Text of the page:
Ever since Robert Francis released his reports into the Mid- Staffordshire Foundation trust and the appalling standards of care we have been bandying about the phrase “patient centred culture” We are all tasked with putting our patients needs at the centre of everything we do … and rightly so. As a nurse I firmly believe that patients need to lead their care, we need to work in partnership with our patients to ensure that we meet their needs with care and compassion, there is no doubt in my mind that this is what nursing starts and ends with .. the people we care for. However as I embarked on my NHS Leadership Academy programme this week I was somewhat thrown into a flux as I pondered on the question – do we focus enough on the people we care for in our social media spaces? And how can nursing social media interaction be more patient focussed?
So lets be clear here – I am not just talking interacting with and caring for patients via social media, (although I know that many people are making great strides and are pioneering fabulous work in this area) I am talking about our interactions, our discussions, how and what we share .. is it patient focussed? Do we take what we share and learn and apply it to enhance the way we care for people? When we discuss a topic do we know what the issues are that are important to the people we care for?
This weeks WeNurses discussion was around pressure ulcers and I tried something a little different – before and during the discussion I tweeted a link to the Francis Report with reference to the section where patients and carers comments about pressure ulcers are and I tweeted a link to a Patient Opinion search about pressure ulcers, where there were many patient and carer comments. It was nice to see that the links I tweeted were retweeted a few times and it was also nice to see that we had some patients taking part in the discussion and sharing their perspective (as we often do with WeNurses discussions) But was the chat patient focussed ? Well some of the key concerns of patients (using both links as an evidence base) were discussed – concerns over pressure ulcers occurring and the relationship between pressure ulcers and quality of care. But was this purely by chance these were discussed as no one asked what is important to the people we care for in relation to pressure ulcers? There is a certain part of me that says that as caring, compassionate and in some cases experienced nurses we have an instinct for what is important to the people we care for – but equally there is a part of me that thinks we should always check and should always ask that question.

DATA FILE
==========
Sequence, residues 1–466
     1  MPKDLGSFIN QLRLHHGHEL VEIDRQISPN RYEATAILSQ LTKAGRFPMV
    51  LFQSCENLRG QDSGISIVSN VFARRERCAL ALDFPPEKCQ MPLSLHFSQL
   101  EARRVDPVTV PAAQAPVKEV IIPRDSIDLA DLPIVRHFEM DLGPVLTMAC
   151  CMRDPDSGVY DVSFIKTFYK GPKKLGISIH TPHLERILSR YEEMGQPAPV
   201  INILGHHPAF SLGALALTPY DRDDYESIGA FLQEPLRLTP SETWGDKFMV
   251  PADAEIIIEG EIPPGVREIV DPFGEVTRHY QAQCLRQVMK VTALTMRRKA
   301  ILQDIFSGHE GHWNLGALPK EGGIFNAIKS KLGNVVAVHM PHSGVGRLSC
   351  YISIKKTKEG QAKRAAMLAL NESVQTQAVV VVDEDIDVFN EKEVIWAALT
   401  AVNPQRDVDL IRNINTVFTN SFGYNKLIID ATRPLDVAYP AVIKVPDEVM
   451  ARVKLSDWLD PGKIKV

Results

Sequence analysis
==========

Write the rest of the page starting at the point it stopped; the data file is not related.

My leadership journey this week has led me to many questions:
- How can we ensure that what we talk about is important to the people we care for?
- How can we be sure we are not missing the point?
- What can we do to make our online social media activity more patient focussed?
- Is a more patient focussed online nurse community realistic and achievable?
- What changes can I make to help the online nurse community become more patient focussed?
- And at the end of all of this how do we prove that nursing interaction via social media does put the people we care for at its heart and makes a difference?
I am not sure I know the answers to all of these questions …… yet …. and I am sure that these questions will invariably lead to more questions and I can see my work load increasing as my thought processes progress … however I feel reassured in the knowledge that there is a strong and dedicated nursing community out there.